You made me wait so long, so long that
I got used to missing you
You came back after a long time
I now love longing for you more
than I love you
“Longing” is a significant characteristic in the ideology of Iran. It is a spiritual path in which, one detaches from earthy concerns and wishes that which “the beloved” whishes: his own wishes are gone, he is emancipated from his wants, and in this process is where he finally beholds his nothingness. This is the moment a follower becomes a wanderer. Through withdrawal from all rationales, the hidden world reveals before his eyes and amongst the “gap” is where he approaches “the otherness”.
In the art and architecture of Iran void is an essential element; an ineffable hollow in the center that is detached but a source of attachment; that is visible but concealed. Is it the embodiment of longing? Is it depiction of “the other thing”? Is it the path towards it? Is it a mystic halt through which the beloved reveals?
Questions like these raised in the Iranian art after Islam outlawed illustration of the good. Any divine concept to any mundane object was banned to be portrayed as it was considered idolatry. It was undeniably a pause in Persian art history; however, resulted in flourishing of Persian literature. Iranians, who were politically and theologically conquered, began engaging in a cultural war of resistance and succeeded in forcing their own ways on the victorious Arabs. They used their well-founded literature which was the only legitimate media as a turn-around in narrating and picturing concepts that other media were unable to engage with. The prohibition soon became a source of prosperity and brought three-dimensionality to Persian literature that resulted in the renowned works of Rumi, Omar Khayyam and etc.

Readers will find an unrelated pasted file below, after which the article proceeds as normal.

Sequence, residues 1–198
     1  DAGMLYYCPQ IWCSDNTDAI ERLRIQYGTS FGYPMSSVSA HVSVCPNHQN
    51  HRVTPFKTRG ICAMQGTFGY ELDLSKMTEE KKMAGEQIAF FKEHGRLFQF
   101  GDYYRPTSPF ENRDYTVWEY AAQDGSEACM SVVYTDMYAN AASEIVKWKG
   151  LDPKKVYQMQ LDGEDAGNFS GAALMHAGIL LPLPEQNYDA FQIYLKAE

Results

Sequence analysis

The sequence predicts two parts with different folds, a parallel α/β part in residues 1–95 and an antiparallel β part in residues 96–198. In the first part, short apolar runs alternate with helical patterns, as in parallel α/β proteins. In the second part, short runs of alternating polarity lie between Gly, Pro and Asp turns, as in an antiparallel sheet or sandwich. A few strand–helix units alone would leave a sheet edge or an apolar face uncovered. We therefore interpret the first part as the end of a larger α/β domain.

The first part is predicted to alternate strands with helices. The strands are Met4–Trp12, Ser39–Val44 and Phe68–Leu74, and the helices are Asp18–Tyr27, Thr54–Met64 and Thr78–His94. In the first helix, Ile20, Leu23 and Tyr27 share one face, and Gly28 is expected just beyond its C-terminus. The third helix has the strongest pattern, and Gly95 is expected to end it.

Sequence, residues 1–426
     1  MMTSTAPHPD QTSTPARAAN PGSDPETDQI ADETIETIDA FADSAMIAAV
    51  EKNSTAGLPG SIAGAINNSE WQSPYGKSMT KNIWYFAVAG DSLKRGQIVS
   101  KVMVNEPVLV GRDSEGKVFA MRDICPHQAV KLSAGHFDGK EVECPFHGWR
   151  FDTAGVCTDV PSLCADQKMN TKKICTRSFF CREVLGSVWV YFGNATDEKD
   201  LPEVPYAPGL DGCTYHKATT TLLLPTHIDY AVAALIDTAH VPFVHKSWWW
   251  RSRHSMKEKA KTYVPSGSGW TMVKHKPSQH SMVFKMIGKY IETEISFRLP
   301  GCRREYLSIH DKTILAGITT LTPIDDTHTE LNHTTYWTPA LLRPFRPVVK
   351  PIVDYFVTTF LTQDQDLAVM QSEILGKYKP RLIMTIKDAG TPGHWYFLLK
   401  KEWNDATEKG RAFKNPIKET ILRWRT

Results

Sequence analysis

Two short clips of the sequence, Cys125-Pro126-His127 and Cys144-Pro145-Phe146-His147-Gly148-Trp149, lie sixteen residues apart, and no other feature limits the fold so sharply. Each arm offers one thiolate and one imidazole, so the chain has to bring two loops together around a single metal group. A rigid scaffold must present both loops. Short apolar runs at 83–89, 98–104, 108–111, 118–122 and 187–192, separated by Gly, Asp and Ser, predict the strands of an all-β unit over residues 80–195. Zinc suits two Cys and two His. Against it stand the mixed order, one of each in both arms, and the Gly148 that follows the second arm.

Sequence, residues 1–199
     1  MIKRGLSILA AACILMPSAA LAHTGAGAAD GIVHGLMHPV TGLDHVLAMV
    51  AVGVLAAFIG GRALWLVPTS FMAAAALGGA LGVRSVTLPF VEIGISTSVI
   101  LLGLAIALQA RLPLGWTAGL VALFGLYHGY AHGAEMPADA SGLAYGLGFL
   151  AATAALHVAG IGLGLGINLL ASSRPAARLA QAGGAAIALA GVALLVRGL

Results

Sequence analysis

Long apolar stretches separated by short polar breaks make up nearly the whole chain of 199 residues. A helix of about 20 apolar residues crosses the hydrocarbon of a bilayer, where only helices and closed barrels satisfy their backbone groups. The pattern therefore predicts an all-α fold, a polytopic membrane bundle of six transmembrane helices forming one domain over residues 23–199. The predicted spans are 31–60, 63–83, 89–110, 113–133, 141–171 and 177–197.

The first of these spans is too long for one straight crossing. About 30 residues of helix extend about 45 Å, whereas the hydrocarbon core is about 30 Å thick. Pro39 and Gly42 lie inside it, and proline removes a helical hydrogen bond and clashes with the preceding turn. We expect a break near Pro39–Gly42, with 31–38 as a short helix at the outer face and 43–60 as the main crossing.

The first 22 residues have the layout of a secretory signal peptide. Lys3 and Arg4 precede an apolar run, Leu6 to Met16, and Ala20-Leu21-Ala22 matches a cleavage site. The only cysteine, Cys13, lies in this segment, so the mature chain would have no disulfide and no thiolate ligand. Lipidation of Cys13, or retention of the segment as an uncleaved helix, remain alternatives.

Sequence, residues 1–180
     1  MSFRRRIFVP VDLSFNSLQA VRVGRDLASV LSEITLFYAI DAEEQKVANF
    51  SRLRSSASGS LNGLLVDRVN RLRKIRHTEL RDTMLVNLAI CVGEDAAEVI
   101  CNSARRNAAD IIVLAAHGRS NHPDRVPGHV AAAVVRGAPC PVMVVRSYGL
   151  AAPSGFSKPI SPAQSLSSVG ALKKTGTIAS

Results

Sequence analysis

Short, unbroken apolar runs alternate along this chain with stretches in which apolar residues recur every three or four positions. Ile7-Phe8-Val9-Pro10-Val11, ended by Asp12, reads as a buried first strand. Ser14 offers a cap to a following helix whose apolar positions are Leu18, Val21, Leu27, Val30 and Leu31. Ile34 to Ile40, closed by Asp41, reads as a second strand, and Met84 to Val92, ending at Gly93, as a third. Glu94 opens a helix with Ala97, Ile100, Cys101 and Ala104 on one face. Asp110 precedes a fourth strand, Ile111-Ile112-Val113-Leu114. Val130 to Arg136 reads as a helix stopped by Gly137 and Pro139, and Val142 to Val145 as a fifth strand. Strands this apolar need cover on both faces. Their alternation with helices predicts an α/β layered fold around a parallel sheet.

Calligraphy was one of the primary companions of poetry amongst the visual arts along this era. It as well evolved to a medium for disclosing impression beside its textual obligation. As a result, Persian calligraphy branched from Arabic calligraphy and became more fluid and free in order to equitably represent the openness of Persian poetry. The poems are mostly multi-layered and full of hidden implications. Quite harmoniously, Persian calligraphy becomes another layer of mystery in the process of storytelling. In some cases it becomes complicated to read due to its composition, as a result, conceals some words of the passage and create some gaps in the text. It is now the reader who fills in the gaps and creates his own plot. In this respect, the intention of modern arts movement is quite similar to that of the classic Persian calligraphy where the reader is being engaged in playing an active role and possessing the narration.
In later stages, Persian calligraphy becomes more about the void rather than the solid and in this respect intends to elevate the notion of the gap rather than the figures. This research aims to transcribe the qualities of Persian calligraphy into architecture. It is a translation of one media into another; a journey from the classic values of eastern traditions to the modern language of western art. Architecturally, it is an effort towards emphasizing the notion of the otherness in space: reunion of impression and space what is given less concern in our modern life’s architecture.
Referencing References - Courtesy of Don, the following comes from a remarkably good little guide to citing sources: Checkmate pocket guide By Joanne Buckley Available from Thompso...
7 years ago